We’re pleased to have Professor Claudia Bushman’s reflection on the pink issue of Dialogue, for which she wrote the introduction and served as guest editor. In “Women in Dialogue: An Introduction,” Professor Bushman describes the gathering of the coterie of Boston-area Mormon women who met with some regularity to discuss feminist issues. These women considered the dominant model of womanhood in the LDS church and examined its scriptural and historical origins. As a result, they “argue . . . for acceptance of the diversity that already exists in the life styles of Mormon women” (8). Poignantly Professor Bushman queries, “Does it undercut the celestial dream to admit that there are occasional Japanese beetles in the roses covering our cottages?” (6). The group’s questioning reveals the need to understand the complexity of the Mormon woman’s heritage (see 7). With each generation, Mormon women continue to confront this complexity and struggle for women’s liberation anew. Please welcome Professor Bushman.
Elizabeth invited me to say a thing or two, which I am happy to do.
The Pink Issue is forty years old! That’s two generations. That’s considerably longer than I was old when I worked on it.
I’ve told this story many times over the years, and I will begin with the most important lesson from the whole business. WRITE! It’s the best way for powerless people with no money to make a difference. With something written, and it helps to be published, too, a document will be reinterpreted over and over in the coming years.
I should have written an article for the Pink Issue, but I couldn’t face it. I had nothing to say. I was no writer. I had already written an M.A. thesis but that had been extracted word by painful word from my unwilling mind. Getting out an introduction to the Pink Issue was all I could do–aside from endless correspondence, negotiating, and editing.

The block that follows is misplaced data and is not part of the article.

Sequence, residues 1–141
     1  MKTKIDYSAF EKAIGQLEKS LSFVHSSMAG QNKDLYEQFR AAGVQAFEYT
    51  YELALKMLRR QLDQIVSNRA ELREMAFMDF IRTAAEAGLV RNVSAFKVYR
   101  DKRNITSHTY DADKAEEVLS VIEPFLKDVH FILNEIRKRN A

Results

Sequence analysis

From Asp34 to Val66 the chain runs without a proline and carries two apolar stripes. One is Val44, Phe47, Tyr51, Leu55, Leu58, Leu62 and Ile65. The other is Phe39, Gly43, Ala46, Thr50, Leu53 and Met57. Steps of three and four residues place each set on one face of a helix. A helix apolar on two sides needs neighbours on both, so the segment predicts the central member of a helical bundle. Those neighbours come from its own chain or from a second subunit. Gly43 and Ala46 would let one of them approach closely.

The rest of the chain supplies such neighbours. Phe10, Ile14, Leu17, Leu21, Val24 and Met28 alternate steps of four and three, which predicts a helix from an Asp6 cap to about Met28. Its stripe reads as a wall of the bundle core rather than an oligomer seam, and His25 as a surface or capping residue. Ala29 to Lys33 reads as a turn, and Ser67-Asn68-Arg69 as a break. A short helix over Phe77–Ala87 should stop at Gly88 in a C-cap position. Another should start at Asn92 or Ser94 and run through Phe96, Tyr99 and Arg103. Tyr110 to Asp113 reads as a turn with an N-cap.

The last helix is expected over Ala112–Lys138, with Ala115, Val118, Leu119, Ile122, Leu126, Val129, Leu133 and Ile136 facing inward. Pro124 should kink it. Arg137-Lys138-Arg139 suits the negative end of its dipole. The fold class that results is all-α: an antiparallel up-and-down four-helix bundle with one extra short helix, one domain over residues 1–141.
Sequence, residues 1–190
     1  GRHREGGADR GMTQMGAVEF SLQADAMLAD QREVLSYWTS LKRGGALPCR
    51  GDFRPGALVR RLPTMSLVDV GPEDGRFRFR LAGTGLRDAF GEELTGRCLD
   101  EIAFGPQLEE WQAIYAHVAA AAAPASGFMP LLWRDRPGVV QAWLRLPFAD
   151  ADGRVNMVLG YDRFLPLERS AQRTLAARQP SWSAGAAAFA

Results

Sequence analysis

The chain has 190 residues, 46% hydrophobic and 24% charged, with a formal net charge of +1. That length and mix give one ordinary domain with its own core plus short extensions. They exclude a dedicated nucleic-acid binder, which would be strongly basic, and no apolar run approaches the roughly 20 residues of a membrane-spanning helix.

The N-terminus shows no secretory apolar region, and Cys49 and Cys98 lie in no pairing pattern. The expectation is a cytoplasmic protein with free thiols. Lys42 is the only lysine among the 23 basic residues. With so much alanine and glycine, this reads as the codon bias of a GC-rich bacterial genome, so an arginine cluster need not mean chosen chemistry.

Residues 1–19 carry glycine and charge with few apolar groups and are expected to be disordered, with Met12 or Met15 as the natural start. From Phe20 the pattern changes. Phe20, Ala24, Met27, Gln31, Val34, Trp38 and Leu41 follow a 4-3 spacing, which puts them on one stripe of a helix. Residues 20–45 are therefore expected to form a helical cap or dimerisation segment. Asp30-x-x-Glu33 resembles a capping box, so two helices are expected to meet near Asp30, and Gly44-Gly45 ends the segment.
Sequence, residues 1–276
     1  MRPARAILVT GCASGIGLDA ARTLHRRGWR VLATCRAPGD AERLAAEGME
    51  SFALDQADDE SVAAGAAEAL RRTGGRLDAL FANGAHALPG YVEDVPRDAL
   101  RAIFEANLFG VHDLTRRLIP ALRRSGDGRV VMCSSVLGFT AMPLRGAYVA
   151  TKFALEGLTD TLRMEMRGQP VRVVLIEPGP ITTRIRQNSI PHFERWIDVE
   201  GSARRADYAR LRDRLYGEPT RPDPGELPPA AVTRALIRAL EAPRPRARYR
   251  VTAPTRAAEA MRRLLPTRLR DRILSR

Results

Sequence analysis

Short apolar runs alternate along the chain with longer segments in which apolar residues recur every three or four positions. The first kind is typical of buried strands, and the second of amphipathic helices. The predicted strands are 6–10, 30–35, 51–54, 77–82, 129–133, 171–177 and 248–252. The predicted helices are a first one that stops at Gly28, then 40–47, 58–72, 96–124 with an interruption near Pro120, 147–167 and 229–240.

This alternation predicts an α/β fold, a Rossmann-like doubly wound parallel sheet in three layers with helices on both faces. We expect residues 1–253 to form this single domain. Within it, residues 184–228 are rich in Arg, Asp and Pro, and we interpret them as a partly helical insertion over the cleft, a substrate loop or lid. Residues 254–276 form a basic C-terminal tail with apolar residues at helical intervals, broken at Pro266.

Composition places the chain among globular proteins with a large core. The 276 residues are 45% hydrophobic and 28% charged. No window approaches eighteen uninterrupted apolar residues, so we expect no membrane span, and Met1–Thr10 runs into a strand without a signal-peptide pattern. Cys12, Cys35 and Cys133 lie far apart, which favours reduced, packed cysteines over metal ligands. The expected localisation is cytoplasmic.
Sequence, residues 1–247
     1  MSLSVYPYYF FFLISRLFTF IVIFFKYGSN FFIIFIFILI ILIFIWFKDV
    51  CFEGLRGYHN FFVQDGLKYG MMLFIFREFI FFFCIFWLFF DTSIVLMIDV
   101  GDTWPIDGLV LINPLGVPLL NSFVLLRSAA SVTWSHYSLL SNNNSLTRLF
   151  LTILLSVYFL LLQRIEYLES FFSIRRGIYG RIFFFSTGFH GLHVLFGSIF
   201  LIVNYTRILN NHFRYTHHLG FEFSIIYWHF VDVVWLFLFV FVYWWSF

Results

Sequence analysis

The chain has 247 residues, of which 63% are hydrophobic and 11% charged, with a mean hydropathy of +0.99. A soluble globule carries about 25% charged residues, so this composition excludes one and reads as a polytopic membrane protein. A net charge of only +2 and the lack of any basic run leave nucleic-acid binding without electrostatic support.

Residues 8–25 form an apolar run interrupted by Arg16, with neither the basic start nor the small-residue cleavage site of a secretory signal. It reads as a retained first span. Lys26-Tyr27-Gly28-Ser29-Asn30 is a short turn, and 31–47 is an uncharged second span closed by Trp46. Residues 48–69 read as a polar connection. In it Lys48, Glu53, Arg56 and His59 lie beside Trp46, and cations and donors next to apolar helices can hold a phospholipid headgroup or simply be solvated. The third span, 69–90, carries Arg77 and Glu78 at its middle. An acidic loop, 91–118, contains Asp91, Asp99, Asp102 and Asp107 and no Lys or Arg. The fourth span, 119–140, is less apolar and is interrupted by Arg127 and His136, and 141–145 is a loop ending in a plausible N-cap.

The Pink Issue came to be because the cell meetings of our little LDS feminist group were contentious. I thought that we might get on better if we had a project that was of mutual interest. So when Gene England, Dialogue’s editor, was visiting us once, I asked him if he would entrust an issue to our group of women. He agreed without a delay, without a condition. He was a great encourager. Our group worked together on the project and cemented a lifelong friendship and cooperation.
I was interested to see Amanda finding continuing issues for Mormon women in the Pink Issue. By the time we turned in the material, Gene had retired, to be replaced by Robert Rees. Bob did not like our articles, which he considered provincial, too limited, too housewifey. The real LDS female issues, he informed us, were patriarchy and polygamy. Well, they weren’t our issues, and I was shocked and stung to have our issues, our pain and anguish, so cavalierly dismissed. Still, his comments sent us on a search for past women of our tradition and we did discover and write about a heritage that most Mormons still don’t know anything about.